Some kids find it difficult to stay on top of homework after a long school day. Here are 3 things parents can do to make the process less stressful. Getting the job done is about to become a lot more fun and less like pulling teeth. After a full day at school, the last thing your child probably wants to do is writing or math. Is your kid struggling to put effort into school? Get advice on how to be his biggest cheerleader to inspire him to do well. It reinforces school lessons and instills an early sense of responsibility in your child.
Find out if your behavior is promoting good homework habits. Help your child tackle homework most effectively. Here are some best practices to follow.
These six tips will show how to get your kids on track with their schoolwork and lay the foundation for good study habits. If your child misses school because of sick days, learn about the steps that will help him make up homework past and present in no time. If the thought of helping your child with his afterschool assignments makes you nervous, we have the tips to help you tackle tough topics.
Turn an old cardboard box into the perfect portable study station for your child. Then, um, why are they doing so much of it?! When my year-old asked if she could start walking the three blocks to school on her own, I thought it was time to let her. But first, I had to teach her to cross the street. Use these small tweaks to inspire rather than incite your child when it comes to homework. Better Grades as Easy as Maybe homework time was running into bedtime, so agree on an earlier start time.
Did your child resist reading? Work on ways to make it fun—maybe set up a reading tent under your dining room table. Adjust your plan as you go, letting your child take as much ownership of the process as possible.
In some homes, that means doing it right after school; for others, it can mean waiting until after dinner if your child is the type who needs to expend some energy before he dives back into the books. Dolin recommends giving all kids at least 30 minutes to have a snack and unwind, with one caveat: Giving kids a half-hour break between after-school activities and homework is a smart idea, too. The key is to be consistent about the routine.
Take a few weeks before homework gets heavy to try different approaches and see what works best, then stick to it. Everyone deserves a break on Fridays, of course. But pick a regular time during the weekend for homework. Instead, send an e-mail or note to the teacher asking her to please explain the material to your child again.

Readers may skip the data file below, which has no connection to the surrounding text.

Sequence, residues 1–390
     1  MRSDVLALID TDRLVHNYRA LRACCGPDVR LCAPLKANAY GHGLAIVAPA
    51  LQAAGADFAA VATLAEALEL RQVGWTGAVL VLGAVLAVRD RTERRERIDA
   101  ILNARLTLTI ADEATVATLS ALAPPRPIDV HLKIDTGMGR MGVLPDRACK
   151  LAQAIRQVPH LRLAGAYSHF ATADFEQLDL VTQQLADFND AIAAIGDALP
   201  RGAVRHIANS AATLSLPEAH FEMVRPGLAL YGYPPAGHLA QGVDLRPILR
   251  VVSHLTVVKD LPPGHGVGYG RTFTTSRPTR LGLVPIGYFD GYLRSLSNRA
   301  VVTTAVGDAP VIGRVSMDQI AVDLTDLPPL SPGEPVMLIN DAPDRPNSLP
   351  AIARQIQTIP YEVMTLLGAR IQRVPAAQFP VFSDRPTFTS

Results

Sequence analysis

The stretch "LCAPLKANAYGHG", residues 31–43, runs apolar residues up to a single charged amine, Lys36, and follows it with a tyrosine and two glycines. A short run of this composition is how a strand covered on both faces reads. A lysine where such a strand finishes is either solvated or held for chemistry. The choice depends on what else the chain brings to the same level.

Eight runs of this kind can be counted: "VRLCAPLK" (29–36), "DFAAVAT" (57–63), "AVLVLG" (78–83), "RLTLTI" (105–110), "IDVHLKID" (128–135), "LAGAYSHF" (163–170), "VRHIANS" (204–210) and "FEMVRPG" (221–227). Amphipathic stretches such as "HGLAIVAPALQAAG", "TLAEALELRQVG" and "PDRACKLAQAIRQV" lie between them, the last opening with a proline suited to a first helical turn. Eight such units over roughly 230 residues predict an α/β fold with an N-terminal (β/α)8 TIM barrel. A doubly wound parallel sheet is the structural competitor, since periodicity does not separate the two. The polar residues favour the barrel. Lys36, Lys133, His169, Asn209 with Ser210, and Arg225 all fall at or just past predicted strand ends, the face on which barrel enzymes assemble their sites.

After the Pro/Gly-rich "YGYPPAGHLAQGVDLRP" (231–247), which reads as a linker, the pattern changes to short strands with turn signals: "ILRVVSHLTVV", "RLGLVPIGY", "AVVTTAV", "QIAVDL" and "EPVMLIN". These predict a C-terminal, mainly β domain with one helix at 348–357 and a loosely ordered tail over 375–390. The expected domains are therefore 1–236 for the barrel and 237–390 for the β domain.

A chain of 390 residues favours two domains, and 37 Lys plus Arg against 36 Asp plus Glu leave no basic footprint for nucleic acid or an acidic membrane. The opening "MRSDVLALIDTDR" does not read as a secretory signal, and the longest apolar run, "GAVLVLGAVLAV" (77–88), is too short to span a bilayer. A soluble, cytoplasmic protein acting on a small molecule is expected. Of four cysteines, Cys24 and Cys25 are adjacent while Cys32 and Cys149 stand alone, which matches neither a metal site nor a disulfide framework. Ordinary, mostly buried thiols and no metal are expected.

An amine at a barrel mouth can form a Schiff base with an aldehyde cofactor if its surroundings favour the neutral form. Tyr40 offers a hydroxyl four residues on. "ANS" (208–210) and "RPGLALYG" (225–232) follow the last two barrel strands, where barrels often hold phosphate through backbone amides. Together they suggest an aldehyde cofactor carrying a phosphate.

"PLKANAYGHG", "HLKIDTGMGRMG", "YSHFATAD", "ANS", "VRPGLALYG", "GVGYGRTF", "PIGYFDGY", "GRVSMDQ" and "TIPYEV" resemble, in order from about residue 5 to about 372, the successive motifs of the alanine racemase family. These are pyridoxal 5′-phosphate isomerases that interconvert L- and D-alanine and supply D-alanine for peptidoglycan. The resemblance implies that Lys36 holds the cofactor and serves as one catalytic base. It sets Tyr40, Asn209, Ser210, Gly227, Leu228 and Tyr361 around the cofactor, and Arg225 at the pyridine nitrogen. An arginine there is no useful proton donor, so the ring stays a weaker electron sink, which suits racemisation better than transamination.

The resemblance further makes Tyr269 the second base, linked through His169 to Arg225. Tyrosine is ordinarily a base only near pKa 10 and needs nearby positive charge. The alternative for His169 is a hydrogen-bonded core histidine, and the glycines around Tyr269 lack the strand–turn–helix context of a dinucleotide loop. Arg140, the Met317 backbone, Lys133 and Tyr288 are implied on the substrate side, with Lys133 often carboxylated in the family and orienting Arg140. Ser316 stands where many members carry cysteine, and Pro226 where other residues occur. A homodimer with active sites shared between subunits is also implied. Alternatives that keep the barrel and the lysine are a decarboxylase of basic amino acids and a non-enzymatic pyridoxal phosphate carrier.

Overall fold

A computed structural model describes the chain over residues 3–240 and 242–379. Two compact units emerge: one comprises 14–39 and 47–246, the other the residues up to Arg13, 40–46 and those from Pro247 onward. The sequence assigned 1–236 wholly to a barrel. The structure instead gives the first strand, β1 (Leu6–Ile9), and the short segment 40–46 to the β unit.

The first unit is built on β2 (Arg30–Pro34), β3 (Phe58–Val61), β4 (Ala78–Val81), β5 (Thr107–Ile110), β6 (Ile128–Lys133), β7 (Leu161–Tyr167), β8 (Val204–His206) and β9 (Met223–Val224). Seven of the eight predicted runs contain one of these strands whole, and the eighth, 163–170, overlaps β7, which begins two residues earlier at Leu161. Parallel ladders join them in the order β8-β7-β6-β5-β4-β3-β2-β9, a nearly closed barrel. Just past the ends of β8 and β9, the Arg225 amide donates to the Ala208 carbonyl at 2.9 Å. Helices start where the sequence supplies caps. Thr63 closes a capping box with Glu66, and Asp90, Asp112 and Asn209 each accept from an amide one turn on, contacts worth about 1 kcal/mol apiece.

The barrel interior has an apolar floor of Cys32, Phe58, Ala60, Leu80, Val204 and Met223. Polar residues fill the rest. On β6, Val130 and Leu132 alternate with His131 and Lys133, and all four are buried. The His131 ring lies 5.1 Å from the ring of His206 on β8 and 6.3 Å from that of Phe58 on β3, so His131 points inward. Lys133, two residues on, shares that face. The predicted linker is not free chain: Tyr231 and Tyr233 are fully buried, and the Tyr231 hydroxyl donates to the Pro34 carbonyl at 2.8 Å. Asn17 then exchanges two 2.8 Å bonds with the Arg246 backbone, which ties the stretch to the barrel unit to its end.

If your child is a fourth-grader or older, have him write the note or talk to the teacher. The teacher will likely have office hours earmarked for those who need help. Also ask her about specific websites many school textbooks now have practice sites kids can use in conjunction with the material in the book or check out an online tutoring site like growingstars. Some kids do best with a desk set up in their bedroom so they can work independently; others want to be smack in the middle of the kitchen while you cook dinner.
Mayzler recommends letting kids choose their preferred study spot.
The Homework Dilemma: How Much Should Parents Get Involved? What can teachers do to help parents help their children with homework? Just what kind of parental involvement -- and how much involvement -- truly helps children with their homework?
Homework booklet for parents of elementary and junior high school students. Helping Your Child With Homework. PDF ( KB) en Español. Homework: A Concern for the Whole Family. The Basics. Why Do Teachers Assign Homework? Does Homework Help Children Learn? What's the Right Amount of Homework? How to Help: Show That .
Nov 12, · Should parents help their children with homework? Or do they end up doing more harm than good? Parents who play an active role in homework are putting their kids in the best position to succeed. Though expert opinions vary, most educators can agree that parents should help with homework to some degree.
3 Things Parents Can Do to Help Kids Manage Homework Some kids find it difficult to stay on top of homework after a long school day. Here are 3 things parents can do to make the process less. The nagging, the battles, the lost papers—do you dread school work as much as the kids do? Here's how to help them hit the books and develop good study habits How to Help Your Kids With Homework | Parenting.